Re: Schyns Comms 10-12 french gauker grossberg

From: HARNAD Stevan (
Date: Sun May 03 1998 - 16:09:55 BST

> From: Beck Alexandra <>
> Schyns demonstrates which French & Weaver acknowledge:
> > that there is a aquisition of new features during category learning.
> French & Weaver do not follow that the aquisition of new features is a
> typical part of category learning. French & Weaver argue that the
> widespread assumption of fixed feature catagory learning experiment is
> supported in the general case of adult category learning.

Are we sure that even adult category learning does not require the
construction of new features? After all, people are typically adults
when they start to learn to sex chickens, classify biopsy slides in
hospitals, and so on.

> 11. Gauker
> Schyns theory argues that the concepts of the features need not be
> developmentally more basic. They don't explain how novel features might
> be formed.

Kid-sib does not understand what you mean.

> Yet all agree that on one thing :
> > a theory of conceptual development has
> > to explain how children learn to apply
> > category words to roughly the same sort
> > of things as others who have learned language.
> No two people's abstract general concepts form exactly the same class
> of instances. Yet people agree on categories. These categories, it is
> being argued, may be innate or shared principles of abstraction.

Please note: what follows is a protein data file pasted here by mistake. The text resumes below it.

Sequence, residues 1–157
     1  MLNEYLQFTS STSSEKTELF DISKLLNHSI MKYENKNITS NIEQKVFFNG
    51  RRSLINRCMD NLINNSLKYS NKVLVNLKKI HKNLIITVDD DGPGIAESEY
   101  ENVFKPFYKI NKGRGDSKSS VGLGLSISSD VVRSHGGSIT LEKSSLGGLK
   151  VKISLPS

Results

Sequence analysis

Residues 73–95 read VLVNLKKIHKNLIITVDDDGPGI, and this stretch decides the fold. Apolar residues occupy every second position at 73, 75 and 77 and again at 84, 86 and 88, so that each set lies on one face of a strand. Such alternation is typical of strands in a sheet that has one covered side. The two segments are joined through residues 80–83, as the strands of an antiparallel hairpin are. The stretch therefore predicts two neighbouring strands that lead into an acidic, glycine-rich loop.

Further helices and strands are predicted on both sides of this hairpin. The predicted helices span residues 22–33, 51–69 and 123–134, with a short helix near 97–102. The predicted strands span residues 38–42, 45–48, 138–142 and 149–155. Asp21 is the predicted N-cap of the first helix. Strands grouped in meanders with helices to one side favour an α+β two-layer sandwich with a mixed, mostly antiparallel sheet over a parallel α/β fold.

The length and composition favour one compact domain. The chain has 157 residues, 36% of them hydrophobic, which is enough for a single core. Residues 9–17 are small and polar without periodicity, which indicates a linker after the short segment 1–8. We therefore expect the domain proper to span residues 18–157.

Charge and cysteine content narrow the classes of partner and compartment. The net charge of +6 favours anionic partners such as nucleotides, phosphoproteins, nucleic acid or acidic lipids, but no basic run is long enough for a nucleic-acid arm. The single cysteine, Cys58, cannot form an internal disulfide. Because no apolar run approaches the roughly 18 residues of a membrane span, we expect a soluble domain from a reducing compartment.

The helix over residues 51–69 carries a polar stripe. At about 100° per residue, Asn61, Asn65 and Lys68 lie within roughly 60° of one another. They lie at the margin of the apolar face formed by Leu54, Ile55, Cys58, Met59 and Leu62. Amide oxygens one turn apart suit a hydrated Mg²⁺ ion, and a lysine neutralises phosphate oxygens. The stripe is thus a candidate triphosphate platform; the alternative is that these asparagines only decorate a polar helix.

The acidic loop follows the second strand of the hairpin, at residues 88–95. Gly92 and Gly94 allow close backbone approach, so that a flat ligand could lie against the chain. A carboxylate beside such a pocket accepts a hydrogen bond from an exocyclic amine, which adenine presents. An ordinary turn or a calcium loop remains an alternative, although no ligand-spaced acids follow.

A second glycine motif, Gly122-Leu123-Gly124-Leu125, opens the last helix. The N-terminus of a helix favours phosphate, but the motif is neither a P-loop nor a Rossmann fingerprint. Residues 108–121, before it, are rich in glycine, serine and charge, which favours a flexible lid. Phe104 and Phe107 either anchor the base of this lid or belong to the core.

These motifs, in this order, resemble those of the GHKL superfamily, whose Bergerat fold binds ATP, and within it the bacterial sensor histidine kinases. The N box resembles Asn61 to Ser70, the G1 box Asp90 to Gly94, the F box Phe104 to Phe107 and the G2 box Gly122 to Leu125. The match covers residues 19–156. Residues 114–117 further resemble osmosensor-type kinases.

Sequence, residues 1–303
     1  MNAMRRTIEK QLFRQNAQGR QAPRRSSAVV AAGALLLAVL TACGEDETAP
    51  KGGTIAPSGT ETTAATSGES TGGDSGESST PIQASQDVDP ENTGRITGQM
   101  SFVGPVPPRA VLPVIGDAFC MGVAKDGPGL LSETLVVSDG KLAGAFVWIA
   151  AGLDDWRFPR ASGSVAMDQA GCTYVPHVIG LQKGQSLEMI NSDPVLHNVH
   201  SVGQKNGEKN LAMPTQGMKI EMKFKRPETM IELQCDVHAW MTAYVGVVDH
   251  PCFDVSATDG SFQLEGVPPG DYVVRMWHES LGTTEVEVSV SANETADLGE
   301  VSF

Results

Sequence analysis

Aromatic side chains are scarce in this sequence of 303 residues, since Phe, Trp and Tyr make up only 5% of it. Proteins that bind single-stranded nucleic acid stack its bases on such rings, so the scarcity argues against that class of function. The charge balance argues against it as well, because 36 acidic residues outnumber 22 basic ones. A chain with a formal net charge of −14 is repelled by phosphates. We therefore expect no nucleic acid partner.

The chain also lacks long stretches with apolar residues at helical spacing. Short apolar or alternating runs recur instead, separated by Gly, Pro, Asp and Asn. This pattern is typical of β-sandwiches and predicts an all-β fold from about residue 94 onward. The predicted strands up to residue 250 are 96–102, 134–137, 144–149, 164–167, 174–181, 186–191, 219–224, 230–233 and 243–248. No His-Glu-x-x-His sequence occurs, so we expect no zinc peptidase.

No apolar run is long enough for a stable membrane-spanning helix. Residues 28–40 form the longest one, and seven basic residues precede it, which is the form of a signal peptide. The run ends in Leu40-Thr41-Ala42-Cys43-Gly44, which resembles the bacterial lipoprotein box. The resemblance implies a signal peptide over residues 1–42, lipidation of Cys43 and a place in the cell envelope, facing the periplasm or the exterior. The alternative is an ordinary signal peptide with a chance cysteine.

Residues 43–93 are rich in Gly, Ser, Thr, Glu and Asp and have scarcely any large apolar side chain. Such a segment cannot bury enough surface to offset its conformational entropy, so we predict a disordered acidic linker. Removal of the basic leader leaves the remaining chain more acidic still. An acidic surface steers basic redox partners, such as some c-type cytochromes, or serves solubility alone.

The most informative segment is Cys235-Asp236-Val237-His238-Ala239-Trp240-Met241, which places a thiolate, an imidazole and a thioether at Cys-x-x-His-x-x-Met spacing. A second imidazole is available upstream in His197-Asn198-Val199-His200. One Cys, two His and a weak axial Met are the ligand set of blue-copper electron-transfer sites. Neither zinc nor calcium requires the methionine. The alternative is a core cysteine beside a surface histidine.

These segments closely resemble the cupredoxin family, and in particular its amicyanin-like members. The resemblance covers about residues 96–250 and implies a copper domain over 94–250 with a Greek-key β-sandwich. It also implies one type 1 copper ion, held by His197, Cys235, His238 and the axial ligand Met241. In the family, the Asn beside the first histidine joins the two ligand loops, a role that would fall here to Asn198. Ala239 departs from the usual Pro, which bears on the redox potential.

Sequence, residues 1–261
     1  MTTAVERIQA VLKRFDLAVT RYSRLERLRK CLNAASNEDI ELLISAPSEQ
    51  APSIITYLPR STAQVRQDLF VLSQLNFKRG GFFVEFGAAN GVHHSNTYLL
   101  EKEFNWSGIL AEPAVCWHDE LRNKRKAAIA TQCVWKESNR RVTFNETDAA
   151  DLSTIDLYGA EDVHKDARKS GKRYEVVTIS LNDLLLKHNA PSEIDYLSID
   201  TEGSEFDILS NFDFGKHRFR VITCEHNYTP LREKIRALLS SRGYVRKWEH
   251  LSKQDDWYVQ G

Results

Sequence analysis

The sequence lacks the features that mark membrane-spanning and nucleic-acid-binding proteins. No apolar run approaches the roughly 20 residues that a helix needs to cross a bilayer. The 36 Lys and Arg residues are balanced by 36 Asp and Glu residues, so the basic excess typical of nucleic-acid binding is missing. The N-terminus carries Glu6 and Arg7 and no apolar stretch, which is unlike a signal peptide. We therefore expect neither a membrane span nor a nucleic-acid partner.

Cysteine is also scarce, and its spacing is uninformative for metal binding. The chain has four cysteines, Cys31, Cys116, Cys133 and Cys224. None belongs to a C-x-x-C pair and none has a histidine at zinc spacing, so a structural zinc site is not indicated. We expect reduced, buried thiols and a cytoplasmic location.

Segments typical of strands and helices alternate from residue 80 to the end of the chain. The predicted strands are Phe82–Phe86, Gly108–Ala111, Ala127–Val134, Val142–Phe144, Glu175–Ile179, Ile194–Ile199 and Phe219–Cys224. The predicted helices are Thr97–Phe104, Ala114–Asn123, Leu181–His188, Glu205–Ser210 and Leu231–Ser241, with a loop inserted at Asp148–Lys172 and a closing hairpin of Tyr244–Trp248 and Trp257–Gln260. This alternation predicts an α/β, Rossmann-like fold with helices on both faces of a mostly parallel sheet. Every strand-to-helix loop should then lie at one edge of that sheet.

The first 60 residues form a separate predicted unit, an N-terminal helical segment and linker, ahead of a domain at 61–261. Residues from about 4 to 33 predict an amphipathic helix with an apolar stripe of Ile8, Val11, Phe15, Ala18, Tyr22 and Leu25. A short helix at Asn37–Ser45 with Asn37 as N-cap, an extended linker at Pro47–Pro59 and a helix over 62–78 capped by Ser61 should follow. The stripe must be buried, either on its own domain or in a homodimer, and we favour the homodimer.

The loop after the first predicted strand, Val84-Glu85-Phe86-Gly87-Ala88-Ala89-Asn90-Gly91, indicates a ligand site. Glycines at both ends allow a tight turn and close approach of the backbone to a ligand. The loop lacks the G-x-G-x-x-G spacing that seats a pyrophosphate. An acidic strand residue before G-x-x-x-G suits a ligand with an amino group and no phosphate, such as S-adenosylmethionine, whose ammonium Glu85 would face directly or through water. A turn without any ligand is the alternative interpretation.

What are "principles of abstraction"?

People sort and name things the same way, even though they didn't learn
to do it on exactly the same examples. Fine. So how do they do it?

You have to be kid-sib not only in how you explain to us what the commentator
said, but also in how you read the commentator: if it does not make
sense, say so!

> 12. Grossberg
> Prototypes are used to match other objects. If the matched object is
> good enough the system learns to incorporate a novel boundary of
> groupings into learned categories.

Are all or even most category members really just better and worse
"distortions" of of one and the same prototype? Think of examples of
categories -- living and nonliving, natural and artificial, concrete
and abstract; use a dictionary if need be. But test whether all or most
could be recognised as variants of a prototype.

On the other hand, if a "prototype" is just a set of features, and the
system just detects those features, then how does Grossberg's theory
agree or disagree with Schyns on fixed vs. flexible fetaures (or with the
underlying "Whorfian" vs. "NonWhorfian" view of categories)?

Professor of Psychology
Director, phone: +44 1703 592582
Cognitive Sciences Centre fax: +44 1703 594597
Department of Psychology
University of Southampton
Highfield, Southampton

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